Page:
A Convenient Risk was inspired by…believe it or not…an unplanned trip to a cemetery. I have a writer friend that is my conference buddy. We go to writers’ conference together. Well, we were on such a conference trip when I discovered that she likes to visit cemeteries (she is a history fan, like I am…well, maybe not just the same as me). I conceded a trip during the daytime. We found many interesting things. And our writer-brains went into overdrive.
We did find one set of stones that indicated a younger woman who married a man much older than she, he died, then she married a man closer to her own age (who then died some time later…not really relevant information). But it got me thinking of second marriages. This situation in the cemetery might have been an arranged first marriage (it was the early 1900s), then when her husband died, perhaps she married her sweetheart.
At any rate, I thought about how people tend to memorialize our loved ones who have passed on. Not that it’s bad…but we do tend to gloss over their flaws and only remember the good things. How does a second marriage partner compete with “perfect memories” from a first spouse. Especially if you’re not truly remembering the whole picture. Some more considering on these lines, throw in the complications of a marriage of convenience…and this story was born.
Some of you who follow my work, may or may not realize that I “marry” my fictional stories to something solid in history. So, what to connect this story to? What if I complicated the story further with a legendary American outlaw? So, Billy the Kid (during the time of this story, known as Kid Antrim) plays a role in this story. These elements went into the blender of my mind and this is what was spit out…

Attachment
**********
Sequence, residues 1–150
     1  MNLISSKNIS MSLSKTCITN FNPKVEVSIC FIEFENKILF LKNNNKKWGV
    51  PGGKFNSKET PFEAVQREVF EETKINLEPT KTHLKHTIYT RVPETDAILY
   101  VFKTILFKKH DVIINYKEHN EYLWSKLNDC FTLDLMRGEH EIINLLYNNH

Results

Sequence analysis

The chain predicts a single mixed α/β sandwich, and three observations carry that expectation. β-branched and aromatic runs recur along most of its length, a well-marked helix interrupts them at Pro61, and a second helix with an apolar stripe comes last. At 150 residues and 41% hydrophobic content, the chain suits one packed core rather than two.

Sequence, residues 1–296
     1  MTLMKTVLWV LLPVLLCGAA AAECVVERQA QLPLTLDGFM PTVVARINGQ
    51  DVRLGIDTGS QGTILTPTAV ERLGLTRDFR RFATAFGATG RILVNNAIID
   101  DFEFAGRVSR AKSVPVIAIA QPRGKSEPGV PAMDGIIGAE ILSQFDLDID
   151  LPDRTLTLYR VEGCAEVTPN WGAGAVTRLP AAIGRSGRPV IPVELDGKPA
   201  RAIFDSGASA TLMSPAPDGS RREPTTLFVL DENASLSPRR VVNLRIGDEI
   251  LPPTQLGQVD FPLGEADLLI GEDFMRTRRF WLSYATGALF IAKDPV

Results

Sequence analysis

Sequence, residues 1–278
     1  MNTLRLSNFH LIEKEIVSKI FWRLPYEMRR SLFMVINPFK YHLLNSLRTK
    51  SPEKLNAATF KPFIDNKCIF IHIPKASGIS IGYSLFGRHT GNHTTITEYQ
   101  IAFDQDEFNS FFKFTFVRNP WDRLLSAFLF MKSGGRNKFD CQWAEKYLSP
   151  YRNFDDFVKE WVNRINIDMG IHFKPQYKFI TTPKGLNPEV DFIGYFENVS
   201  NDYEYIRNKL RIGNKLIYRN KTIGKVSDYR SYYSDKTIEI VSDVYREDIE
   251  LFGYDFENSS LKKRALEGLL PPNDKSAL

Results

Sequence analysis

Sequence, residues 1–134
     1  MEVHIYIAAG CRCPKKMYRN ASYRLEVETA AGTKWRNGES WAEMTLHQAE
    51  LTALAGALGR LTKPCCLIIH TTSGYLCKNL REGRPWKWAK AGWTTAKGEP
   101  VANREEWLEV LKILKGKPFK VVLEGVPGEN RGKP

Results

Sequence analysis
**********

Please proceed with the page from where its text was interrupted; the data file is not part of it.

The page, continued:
A Convenient Risk
A widow with a young son is in trouble.
Amanda Haynes must put aside her grief and do something to take care of her son. Marrying a struggling rancher who wants her dead husband’s herd appears to be her only choice.
Only…she’s never going to love again. No one can replace the only man that ever loved her.
Butting heads over managing the ranch, her frustrations seem insurmountable. What has she gotten herself into? Is there any way out?
You’ll never put down this marriage of convenience romance, because everyone has hope.
Enjoy an Excerpt
The bull continued to eye Amanda. She rose to her feet with slow movements. Was it her imagination or did the bull tilt its head?
Should she run? Glancing the fence line out of the corner of her eye, she noted the distance that fell between her and her destination. She would never make it.
The large animal nodded its head, up and down, up and down, its horns rather prominently displayed. And the warmth drained from Amanda’s body.
Then the bull looked past her. Somewhere into the distance. Why?
Straining her ears, she heard it—hoof beats—slowing as they approached. Dare she turn to see who was brave enough to come to her rescue?
“Do not move,” a calm voice said.
Brandon! Relief poured through her. He would know what to do, wouldn’t he?
The calf continued to screech. And though it tugged at her heart, she could do nothing to help the injured animal.
Brandon was near. She could sense it. And he continued to inch his horse forward. The thumping of the horse’s hooves on the grass allowed her to track the mare’s location.
The bull flicked his tail back and forth, but kept watching her.
Warmth now emanated from the horse’s body as Brandon pulled up next to her.
Brandon spoke, his words coming as if chosen with care. “I’m going to take off my shirt…”